But small sticks were also used instead of daggers as weapons in the training of troops, often accompanied by small shields. The Trokel or Brokel Dantzak (as it was apparently known in the Duranguesado or Durangoaldea area of Bizkaia) seems to derive from this, though other interpretations are also possible.

Reputable scholars have also suggested that sticks and clubs represent something similar to magic wands in fairy stories, i.e. ways of bringing to light buried treasure. In an agricultural and pastoral society this is clearly associated with digging up tubers and plants hidden underground. This (in line with Violet ALFORD, Julio CARO and many other researchers) would make short stick dances agricultural dances or fertility dances.

Those who favour this interpretation and see sword dances as developing from dances with sticks or clubs have simply put forward the conjecture (Lucile ARMSTRONG) that since swords make more noise when they clash they can more easily awaken benign spirits and frighten off evil ones from crops (whether they be demons, witches or plagues of insects). Stick, and later sword, dances would therefore have the same purpose: to ensure the sustenance of the people.

But short sticks have also been used for other purposes: e.g. instead of sashes (gerriko) laid on the ground in the dancing game of txakolina, in which the dancer, after drinking a certain amount of alcohol, must skip alternately through the four segments formed by two crossed sashes (gerriko), as described by Resurrección María de AZKUE. In some dances in the Pyrenean areas of Nafarroa they are also used as supports to help dancers keep their balance.

Before looking at dances with clubs, it is worth mentioning the myth, recounted by Josemiel De BARANDIARAN in Mitología Vasca (published by Txertoa), of the man who, searching for the end of the world, came to a place where the sun was raised by beating against the rocky peaks with clubs.

Although this myth tells us that we cannot reach the end of the world, it also reflects the popularly held belief that the sum was lifted up above the earth, and that this was done by men beating clubs against the rocks. This idea that the beating of sticks or clubs (one against another or against other objects) is needed to raise the sun points us in the direction of interpreting club dances as sun-worship rituals which seek to ensure by magic that the sun will rise.

Like stick dances, club dances would therefore be fertility dances, though other purposes may also have been involved in some of them.

How should we interpret the Makil Joku? There is for the moment no direct or indirect evidence as to its origin, but we can at least put forward some possibilities.

Small bells

Symbolism of the hand bells: Many authors such as Curt SACHS, Violet ALFORD, Lucile ARMSTRONG, Juan Antonio URBELTZ, Marius SCHNEIDER or Juan Eduardo CIRLOT agree in their interpretation that the hand bells are implements or instruments that "are supposed to have prophylactic powers against misfortune" and as such were used by those devoted to Dionysus, the medic men in Africa, and the Callicantzari in Skyros. This could put us on the right path to an explanation of their use in the dances of swords, such as the Dantzari Dantza, being therefore dances with a strong ritual context bound to Nature and its spirits. However, that the spirits that they want to frighten off are only of a rustic nature, or that they refer only to the dead or other images of a numen is going to cause a lot of controversy and arguments that will be heightened in our case, by the symbolism of the dances with swords.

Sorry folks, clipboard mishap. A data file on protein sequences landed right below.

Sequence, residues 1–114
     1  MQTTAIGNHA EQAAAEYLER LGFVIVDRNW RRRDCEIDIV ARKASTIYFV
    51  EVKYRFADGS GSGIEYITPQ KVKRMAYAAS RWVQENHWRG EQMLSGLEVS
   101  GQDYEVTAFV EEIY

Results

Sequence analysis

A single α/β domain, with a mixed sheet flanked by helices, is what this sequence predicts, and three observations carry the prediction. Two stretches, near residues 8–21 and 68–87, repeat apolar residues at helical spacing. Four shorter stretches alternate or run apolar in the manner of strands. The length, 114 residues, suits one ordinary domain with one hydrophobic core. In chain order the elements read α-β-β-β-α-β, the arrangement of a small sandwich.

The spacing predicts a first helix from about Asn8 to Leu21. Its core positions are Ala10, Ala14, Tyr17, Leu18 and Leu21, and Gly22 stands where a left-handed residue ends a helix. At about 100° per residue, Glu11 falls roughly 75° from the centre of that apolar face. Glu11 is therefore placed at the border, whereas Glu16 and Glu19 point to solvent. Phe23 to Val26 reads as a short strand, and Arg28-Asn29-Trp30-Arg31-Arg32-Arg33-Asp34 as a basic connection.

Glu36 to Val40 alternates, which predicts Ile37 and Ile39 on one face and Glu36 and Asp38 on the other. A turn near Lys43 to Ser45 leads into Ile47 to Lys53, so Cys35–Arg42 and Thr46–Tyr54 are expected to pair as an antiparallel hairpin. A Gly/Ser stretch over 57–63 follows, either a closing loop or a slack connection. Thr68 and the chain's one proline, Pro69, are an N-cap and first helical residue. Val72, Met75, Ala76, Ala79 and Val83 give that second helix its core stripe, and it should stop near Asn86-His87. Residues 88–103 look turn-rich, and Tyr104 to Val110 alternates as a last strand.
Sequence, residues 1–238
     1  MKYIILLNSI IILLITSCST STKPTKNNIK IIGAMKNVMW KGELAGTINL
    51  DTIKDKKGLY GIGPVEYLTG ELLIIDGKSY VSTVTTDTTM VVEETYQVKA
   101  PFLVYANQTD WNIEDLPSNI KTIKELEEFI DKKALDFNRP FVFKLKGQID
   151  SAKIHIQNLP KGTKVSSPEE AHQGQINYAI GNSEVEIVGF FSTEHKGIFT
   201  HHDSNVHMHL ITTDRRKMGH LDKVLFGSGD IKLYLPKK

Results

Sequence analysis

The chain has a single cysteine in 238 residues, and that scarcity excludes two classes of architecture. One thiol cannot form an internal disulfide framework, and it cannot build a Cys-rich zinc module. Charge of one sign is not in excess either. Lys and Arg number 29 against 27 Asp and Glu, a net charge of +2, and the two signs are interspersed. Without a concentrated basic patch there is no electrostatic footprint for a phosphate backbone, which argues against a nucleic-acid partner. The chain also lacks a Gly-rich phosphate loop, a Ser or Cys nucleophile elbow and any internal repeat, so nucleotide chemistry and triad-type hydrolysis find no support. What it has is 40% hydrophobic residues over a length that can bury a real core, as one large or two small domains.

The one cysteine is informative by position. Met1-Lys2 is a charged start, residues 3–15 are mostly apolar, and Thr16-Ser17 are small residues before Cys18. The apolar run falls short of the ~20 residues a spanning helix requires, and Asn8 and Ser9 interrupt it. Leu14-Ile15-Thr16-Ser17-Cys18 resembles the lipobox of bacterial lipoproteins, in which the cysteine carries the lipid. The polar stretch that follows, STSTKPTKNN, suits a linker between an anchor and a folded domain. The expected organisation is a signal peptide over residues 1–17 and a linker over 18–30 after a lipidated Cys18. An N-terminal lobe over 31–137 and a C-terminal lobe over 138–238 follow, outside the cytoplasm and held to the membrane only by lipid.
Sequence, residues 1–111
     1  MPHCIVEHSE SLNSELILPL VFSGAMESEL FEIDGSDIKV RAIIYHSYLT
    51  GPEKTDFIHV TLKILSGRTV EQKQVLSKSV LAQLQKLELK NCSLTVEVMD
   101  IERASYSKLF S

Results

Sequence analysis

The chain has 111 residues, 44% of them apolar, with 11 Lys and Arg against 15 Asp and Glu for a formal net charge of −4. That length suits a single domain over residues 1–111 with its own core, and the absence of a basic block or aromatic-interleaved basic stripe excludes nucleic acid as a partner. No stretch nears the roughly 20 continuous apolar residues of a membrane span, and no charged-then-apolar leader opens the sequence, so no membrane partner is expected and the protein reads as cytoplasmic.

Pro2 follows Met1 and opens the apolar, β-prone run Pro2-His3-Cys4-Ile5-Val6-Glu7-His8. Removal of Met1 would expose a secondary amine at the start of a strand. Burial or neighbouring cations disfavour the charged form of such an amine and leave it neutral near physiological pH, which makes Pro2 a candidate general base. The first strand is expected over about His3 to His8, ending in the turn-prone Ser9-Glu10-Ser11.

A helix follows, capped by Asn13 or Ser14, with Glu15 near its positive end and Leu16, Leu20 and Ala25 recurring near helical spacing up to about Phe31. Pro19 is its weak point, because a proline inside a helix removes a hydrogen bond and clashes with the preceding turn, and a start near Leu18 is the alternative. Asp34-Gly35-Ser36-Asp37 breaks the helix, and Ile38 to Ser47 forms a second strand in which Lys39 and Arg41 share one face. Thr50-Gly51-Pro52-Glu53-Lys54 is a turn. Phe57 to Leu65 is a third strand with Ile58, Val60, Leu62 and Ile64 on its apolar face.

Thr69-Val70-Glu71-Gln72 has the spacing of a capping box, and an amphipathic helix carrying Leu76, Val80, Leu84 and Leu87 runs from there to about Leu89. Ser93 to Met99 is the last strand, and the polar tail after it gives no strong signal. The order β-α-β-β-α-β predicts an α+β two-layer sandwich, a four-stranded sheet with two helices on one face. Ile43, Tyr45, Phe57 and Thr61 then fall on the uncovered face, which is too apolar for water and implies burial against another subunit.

On the other hand we cannot ignore their simple and direct function related to keeping the rhythm of the performances. The sound of the bells could well have had the role of making the dancers keep to the rhythm of the dance.


All the experts on the subject of the Dantzari Dantza (Iñaki IRIGOYEN, TILIÑO, Juan Antonio URBELTZ, K. DE HERMODO, etc.) coincide in asserting that the exhibition is performed to the sound of the Txistu and of the tabor, although the Silbote can also be used, which, although belonging to the family of the flutes or wind instruments, is longer than the former, and the kettle-drum, which unlike the tabor, is shorter and wider, besides which its percussion is made with two drum-sticks and not with just one, as happens when the musician plays the Txistu and the tabor at the same time.

The Silbote, Txistu and Txirula are the three musical instruments belonging to the family of the three-holed flutes, which we find in the Basque cultural region, and it is the first two that are used in the folklore of Bizkaia.

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History and Geography

But in the case of the Dantzari Dantza dance cycle, which is typical of the Duranguesado or Durangoaldea area of Bizkaia, there is an added obstacle: each dance in the cycle must be investigated individually in each of the towns and villages where is it is still performed, and historically in all those with which it may be related in some way.

We must therefore be cautious when it comes to drawing up a chronology. We must also bear in mind that these dances originated in an uneducated society where writing was not a normal form of communication and ideas were not set down in words until relatively recently. The Basque language did not find its way into print until very recently, so any references we find to dance performances are either recent, as is the case of the work of Resurrección María de Azkue and other 19th and 20th century ethnographers and ethnologists, or take the form of account books at town halls and provincial council buildings or at churches, these being the only places where written records were kept.